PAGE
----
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Deborah Abbott: Out in the Redwoods, Documenting Gay, Lesbian, Bisexual, Transgender History at the University of California, SAnta Cruz, 1965-2003

  • Author(s): Reti, Irene H.
  • Brashear, Regan
  • Abbott, Deborah
  • et al.
Abstract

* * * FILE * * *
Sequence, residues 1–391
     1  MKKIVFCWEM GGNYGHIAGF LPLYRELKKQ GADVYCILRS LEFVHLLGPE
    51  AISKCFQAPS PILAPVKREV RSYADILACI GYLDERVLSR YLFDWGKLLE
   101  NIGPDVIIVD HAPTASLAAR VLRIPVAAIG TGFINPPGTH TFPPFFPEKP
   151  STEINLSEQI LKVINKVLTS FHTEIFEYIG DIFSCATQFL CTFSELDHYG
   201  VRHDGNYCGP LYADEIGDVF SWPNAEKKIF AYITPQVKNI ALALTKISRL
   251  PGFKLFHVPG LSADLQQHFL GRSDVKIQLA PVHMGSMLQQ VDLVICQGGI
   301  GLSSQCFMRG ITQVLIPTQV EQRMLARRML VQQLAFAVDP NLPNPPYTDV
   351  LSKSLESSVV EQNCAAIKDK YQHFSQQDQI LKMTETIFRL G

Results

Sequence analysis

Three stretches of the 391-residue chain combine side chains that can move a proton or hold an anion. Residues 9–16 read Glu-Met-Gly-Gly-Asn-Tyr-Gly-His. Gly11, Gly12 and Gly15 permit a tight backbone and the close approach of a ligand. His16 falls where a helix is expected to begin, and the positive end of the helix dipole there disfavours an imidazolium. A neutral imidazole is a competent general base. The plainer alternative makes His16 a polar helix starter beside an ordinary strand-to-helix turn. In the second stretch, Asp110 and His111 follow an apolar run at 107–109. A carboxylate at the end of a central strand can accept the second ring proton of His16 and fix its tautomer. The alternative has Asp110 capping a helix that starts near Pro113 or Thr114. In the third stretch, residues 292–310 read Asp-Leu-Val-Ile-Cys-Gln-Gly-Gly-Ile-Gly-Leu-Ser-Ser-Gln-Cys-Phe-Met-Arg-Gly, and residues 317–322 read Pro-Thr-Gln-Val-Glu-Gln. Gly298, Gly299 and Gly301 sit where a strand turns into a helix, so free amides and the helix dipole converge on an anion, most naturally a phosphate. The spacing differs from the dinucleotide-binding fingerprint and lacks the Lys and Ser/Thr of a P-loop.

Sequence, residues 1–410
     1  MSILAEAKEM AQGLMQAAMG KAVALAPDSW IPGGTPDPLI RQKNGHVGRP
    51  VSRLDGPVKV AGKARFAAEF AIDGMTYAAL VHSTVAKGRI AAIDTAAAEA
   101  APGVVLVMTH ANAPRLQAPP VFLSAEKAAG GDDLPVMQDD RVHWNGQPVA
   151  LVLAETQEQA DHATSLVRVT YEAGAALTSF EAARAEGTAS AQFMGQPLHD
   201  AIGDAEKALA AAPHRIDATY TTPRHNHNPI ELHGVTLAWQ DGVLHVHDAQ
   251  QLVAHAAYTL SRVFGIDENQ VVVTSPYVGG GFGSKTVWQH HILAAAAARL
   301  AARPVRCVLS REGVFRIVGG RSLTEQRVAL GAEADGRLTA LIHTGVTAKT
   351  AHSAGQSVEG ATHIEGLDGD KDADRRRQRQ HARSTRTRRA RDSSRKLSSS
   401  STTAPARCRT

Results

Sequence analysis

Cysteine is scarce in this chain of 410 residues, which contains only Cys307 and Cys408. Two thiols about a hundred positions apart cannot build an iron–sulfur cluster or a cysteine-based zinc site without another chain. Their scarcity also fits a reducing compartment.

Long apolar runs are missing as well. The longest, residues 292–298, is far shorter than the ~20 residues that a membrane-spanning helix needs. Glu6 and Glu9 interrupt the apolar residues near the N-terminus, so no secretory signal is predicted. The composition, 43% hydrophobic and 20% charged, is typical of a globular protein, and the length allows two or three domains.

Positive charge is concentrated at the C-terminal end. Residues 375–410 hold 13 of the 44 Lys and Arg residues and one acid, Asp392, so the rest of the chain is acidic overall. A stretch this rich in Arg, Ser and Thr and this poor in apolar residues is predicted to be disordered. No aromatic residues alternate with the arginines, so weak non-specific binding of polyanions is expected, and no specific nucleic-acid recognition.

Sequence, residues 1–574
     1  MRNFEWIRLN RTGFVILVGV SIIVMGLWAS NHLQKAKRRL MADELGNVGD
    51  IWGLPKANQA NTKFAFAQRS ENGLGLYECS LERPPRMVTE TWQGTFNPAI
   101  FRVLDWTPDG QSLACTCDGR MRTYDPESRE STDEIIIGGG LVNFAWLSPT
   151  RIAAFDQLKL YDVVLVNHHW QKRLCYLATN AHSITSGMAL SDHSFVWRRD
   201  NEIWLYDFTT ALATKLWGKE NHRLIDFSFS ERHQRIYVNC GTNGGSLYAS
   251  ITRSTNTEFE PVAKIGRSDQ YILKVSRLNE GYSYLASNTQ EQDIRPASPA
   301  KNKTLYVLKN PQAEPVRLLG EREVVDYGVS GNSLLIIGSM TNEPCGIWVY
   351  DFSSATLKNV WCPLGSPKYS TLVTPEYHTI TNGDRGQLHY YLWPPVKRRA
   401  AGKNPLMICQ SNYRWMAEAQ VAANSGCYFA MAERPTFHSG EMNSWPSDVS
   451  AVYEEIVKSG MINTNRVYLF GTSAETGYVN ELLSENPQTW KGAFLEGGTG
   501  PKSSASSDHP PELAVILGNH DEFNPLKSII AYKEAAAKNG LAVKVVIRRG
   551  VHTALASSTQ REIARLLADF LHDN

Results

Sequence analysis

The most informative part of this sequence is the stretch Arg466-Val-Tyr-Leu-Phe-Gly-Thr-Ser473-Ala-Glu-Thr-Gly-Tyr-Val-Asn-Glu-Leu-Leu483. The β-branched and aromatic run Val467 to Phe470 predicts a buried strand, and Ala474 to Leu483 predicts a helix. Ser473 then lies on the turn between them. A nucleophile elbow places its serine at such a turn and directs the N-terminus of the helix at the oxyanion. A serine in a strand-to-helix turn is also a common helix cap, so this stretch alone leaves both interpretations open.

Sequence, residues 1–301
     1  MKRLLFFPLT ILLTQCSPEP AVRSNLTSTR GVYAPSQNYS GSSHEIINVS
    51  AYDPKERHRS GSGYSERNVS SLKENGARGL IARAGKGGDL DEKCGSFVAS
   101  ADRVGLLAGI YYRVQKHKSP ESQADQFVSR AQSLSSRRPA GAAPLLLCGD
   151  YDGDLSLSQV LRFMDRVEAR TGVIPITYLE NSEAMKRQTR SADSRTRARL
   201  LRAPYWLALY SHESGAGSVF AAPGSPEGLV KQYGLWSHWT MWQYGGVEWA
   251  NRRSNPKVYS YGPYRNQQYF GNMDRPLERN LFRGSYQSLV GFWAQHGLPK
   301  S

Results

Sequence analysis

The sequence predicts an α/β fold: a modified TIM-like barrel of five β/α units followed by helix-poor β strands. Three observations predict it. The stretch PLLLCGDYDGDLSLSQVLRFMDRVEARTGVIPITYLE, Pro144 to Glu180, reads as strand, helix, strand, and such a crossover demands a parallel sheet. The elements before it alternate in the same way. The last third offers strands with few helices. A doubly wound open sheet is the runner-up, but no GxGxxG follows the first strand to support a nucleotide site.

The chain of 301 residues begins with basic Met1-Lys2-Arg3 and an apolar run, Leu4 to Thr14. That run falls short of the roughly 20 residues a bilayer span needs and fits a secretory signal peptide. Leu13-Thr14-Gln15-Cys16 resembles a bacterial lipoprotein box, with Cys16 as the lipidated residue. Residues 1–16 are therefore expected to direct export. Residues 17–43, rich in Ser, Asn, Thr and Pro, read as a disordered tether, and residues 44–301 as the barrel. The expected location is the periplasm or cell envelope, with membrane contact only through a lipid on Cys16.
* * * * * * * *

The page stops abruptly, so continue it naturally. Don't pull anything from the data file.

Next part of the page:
Deborah Abbott is a writer, health activist, teacher, river guide and current director of the Gay, Lesbian, Bisexual and Transgender Resource Center at UCSC. Since assuming her position in November of 1997, she has given new shape and direction to the Center. As an American studies major, I was eager to interview  Deb Abbott. Deb Abbott to learn more about the queer history of UCSC, as well as about her work within two local feminist health organizations: the Santa Cruz Women's Health Collective and WomenCARE (which she cofounded in 1992). I had read several of Ms. Abbott's essays on pursuing her passion for river rafting, despite her physical disability, and these had deeply resonated with me, as I had been struggling to reconcile my own physical health problems with my dreams for the future. We met at the GLBT Center on the rainy afternoon of February 7, 2002. The Center hums with the richness of the many hours of mental and physical labor'by student volunteers and paid staff'that have gone into creating a place where all gay, lesbian, bisexual, transgender, questioning and queer-identified people and their allies can take refuge. UCSC's reputation for being one of the most 'queer-friendly' campuses in the U.S. is easily understood when one enters the Center. Colorful posters brighten the walls, along with flyers announcing upcoming queer events and numerous lists to get involved with the many, diverse, queer-related groups on campus. An exhibit on GLBT African Americans hangs in the gallery. The enticing library of books and films, and the inviting couches that look out into the redwoods all serve to foster an atmosphere of welcome, creativity, and dynamic engagement.'

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